According to the news of the South China Morning Post (SCMP), the study by an international team of scientists revealed that the developed nanomaterial can be used in both fresh and salt water without the need for specific temperatures or pressure levels.
Since hydrogen does not pollute the environment and is seen as an energy storage tool of the future, experts in the study tried to convert water into hydrogen using sunlight.
In the study, scientists inspired by photosynthetic bacteria that can efficiently transfer energy from sunlight for the development of nanomaterial, and noted that these bacteria imitate the light sensor feature of these bacteria.
In this context, it was informed that the hydrogen obtained from water is aimed to be used in industrial products such as methanol and aldehyde and in the field of fuel.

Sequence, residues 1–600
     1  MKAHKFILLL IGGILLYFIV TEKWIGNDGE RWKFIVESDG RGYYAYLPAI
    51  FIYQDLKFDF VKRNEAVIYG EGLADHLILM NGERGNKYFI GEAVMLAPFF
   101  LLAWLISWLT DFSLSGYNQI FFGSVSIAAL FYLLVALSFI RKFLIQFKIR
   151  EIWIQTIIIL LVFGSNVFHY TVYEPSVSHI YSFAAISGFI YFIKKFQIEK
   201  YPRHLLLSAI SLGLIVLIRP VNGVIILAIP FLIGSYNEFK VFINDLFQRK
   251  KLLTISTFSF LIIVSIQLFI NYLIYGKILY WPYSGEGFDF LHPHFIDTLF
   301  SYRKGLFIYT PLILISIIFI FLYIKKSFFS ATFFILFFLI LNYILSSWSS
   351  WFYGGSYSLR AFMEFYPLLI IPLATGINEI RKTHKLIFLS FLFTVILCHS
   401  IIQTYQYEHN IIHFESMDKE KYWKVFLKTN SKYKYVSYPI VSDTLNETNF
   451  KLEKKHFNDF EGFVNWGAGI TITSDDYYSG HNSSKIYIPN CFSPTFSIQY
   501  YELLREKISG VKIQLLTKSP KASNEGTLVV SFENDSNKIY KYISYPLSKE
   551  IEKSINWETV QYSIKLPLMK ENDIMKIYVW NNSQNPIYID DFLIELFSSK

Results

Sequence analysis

David Lee Phillips, the leader of the study team from the University of Hong Kong, said in a statement that the team’s next step will be to create photocatalysis toolkits that can convert carbon dioxide into useful substances.
Arguing that the use of the developed nanomaterial under normal conditions is a “turning point” in solar energy research, Phillips said, “The nanomaterial is stable enough in natural waters. This is a great innovation because many things do not have the necessary stability in water for photocatalysis reactions.” made its assessment.
Guo Zhengxiao, another researcher from Hong Kong University, stated that another advantage of the nanomaterial system is that it can produce high-purity products, and that environmentally friendly and cost-effective products can be produced with this technology.
The research was published in the journal “Nature Catalysis.”